When I arrived the support band Fin (who had let me know on twitter when they were on stage) had just kicked off, and the phrase that springs to mind was cock sure, they had a guitarist who whirled about like a dervish, and a lead singer with quality hair who shouted out 'life is wasted on the living' they were a pretty average support band, with one exception, the stage antics of the lead singer both hanging from the scaffolding around the stage for the penultimate song and then walking in amongst the crowd to sing the final song was a first for a support band.

I stepped back from the stage, glanced up, and saw a celebrity, the Dove from above. Suddenly this venue  leapt in my opinion from simple pug with a stage to shrine to the world of Vic and Bob, just quality, I barely managed to stop myself cooing to beckon down the dove.

Half an hours crappy work emails later and on came Hooded Fang a Canadian band who I was really looking forward to as their song Tosta Mista is one of the best songs of the year. I was a little disappointed as the first few songs were a little dull until Tosta Mista came on and the lass of the band joined in with the vocals with her enchanting voice, the excitement must have been too much for her because after that song she asked for permission to pop to the loo, which was no problems as the loo was right by the stage for the ladies and off she went. The lads in the band improvised a song, which was a cracking surf guitar romp, and the rest of their short set picked up from there. I wonder what these Canadians really made of a support act in a pub in Leicester.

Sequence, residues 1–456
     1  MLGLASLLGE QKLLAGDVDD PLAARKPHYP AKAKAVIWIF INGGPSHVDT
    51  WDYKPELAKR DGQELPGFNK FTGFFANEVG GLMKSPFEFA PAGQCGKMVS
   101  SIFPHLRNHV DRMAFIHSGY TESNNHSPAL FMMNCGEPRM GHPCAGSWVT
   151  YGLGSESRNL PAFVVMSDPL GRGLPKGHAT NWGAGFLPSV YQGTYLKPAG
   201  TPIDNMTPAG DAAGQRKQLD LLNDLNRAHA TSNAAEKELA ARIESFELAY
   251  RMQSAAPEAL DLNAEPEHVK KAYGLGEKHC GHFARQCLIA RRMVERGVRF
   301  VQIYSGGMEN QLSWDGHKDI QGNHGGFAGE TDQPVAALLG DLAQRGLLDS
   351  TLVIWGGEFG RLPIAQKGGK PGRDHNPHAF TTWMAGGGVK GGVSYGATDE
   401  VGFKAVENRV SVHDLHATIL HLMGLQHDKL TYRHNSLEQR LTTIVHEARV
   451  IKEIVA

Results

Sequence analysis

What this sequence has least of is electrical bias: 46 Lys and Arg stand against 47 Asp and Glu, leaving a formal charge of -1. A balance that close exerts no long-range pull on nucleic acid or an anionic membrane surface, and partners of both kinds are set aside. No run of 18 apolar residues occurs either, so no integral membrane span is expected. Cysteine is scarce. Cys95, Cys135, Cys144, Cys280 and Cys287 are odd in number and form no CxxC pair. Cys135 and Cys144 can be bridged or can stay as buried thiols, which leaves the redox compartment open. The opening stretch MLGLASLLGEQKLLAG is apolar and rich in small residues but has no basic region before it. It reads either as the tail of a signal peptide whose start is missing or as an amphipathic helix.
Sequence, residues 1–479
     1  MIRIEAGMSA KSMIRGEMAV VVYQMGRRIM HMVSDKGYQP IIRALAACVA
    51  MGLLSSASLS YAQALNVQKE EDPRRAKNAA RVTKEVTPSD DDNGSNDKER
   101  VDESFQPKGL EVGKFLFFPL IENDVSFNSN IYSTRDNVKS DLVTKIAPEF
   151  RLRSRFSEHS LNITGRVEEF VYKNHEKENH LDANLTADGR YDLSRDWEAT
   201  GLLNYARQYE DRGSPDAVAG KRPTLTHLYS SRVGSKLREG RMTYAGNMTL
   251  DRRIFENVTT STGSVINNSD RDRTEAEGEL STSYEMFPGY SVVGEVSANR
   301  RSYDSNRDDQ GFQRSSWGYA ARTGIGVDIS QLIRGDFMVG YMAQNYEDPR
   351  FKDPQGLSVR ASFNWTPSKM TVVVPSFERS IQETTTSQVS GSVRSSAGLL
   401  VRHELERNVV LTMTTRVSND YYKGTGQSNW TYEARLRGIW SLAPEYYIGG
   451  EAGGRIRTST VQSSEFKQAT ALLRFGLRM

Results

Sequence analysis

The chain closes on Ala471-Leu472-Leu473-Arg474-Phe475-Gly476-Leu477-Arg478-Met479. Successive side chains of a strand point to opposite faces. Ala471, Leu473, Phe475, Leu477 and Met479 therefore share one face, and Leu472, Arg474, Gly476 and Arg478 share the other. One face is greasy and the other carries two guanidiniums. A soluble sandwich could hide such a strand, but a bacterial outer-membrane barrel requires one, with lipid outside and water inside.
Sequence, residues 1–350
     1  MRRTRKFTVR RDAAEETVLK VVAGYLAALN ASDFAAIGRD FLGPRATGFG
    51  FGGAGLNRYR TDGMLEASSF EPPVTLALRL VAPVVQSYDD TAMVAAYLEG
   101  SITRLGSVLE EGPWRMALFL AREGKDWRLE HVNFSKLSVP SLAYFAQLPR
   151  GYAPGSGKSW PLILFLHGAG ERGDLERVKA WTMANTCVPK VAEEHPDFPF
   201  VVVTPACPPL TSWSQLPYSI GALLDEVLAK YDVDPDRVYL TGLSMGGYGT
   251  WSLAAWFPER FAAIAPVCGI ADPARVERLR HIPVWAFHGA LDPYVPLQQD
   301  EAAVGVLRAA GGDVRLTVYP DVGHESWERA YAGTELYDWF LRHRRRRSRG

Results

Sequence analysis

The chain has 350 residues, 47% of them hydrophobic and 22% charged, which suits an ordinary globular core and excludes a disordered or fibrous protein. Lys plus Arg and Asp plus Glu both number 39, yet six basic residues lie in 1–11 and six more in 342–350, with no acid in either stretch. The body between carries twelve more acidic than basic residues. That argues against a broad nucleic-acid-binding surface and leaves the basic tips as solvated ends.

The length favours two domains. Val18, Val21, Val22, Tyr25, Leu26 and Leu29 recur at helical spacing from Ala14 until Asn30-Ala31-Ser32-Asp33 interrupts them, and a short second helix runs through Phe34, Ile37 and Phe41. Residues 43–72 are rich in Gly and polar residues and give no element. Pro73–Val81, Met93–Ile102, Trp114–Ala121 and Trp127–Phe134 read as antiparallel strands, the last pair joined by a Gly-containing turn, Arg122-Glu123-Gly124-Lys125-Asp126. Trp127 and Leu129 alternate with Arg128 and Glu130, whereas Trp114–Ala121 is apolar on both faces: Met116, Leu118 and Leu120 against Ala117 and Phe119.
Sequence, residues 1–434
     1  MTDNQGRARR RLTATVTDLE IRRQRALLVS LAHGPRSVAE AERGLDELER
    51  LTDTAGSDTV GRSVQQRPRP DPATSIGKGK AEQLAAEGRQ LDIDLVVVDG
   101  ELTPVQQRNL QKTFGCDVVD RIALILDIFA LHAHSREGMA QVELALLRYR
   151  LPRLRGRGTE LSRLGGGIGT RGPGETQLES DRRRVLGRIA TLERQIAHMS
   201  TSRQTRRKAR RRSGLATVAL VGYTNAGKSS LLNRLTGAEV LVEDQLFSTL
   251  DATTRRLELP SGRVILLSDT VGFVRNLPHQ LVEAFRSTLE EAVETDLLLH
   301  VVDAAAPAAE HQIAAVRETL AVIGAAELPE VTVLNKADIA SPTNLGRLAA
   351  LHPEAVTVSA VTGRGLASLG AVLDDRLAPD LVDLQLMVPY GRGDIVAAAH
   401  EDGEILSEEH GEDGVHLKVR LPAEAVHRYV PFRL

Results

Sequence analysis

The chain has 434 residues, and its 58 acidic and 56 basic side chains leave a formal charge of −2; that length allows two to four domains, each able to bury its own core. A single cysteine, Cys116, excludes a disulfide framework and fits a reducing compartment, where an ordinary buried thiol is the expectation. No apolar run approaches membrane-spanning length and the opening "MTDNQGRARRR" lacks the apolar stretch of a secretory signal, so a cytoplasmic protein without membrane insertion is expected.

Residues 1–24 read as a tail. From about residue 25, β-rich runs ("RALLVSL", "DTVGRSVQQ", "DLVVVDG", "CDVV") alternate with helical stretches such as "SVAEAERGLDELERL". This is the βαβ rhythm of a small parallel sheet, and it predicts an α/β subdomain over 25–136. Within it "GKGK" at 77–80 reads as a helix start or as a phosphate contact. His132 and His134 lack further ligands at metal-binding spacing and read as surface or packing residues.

Another half hour and Howler came on, an incredibly young indie band from Minneapolis who I had been turned onto by Radcliffe and Maconie as usual. Johnny Marr has also come in favour of the band which sits them in good pedigree having stood by him to watch Suede in Manchester many moons ago, the man has good taste (not meaning standing next to me).

The audience at the front were youthful, and ready to full on mosh, I make no bones about moving over to the side of the room to let them mosh, mainly because I was still within about 8 foot of the band in this tiny venue. The mosh was full on, its a very low stage, no space between the band and audience and within seconds the mosh pit was doing its best not to sprawl all over the stage. In one song a young lady found herself burst onto the stage and went quietly to sit on a stool by the stage until the song finished. 

This was one of the tightest gigs I have seen, the nature of the band reminded me of the Libertines in full throng and whilst I've not seen them live the Strokes. There was a really strong connection with the audience and the band knew it. They had a lot of interaction with everyone at the front rattled through the songs, primed everyone for no encore and finished with Free Drunk (having jammed sone classics songs before hand) claiming we've got no more songs for an encore.

This was really an electric gig and I can't see Howler doing a gig of this size again for a long long time, I was caught up in the moment and bought the Vinyl album on the way out before driving back home feeling I had seen a special gig, from a band who deserve more hype.........

Reflections on Birmingham's season

So how do I feel about not being promoted this season, a few days after the end of the season and I am remarkably relaxed about it, as this season has proved the most exciting probably since the days of Barry Fry.

Watching the game, there was the typical Blues moments, soft goals just before and after half time, but probably more typical of Blues these days is the fight back, how many games this season have we fought back, or gambled to win and been rewarded with last minute goals.

This season has been so different to the last campaign in this division (under McLeish which ranked as the dullest I have seen for years). Having a system of aiming to win, with real pace and trickery on 2 wings and a number of centre forwards who can find the back of the net relatively regularly is just fantastic.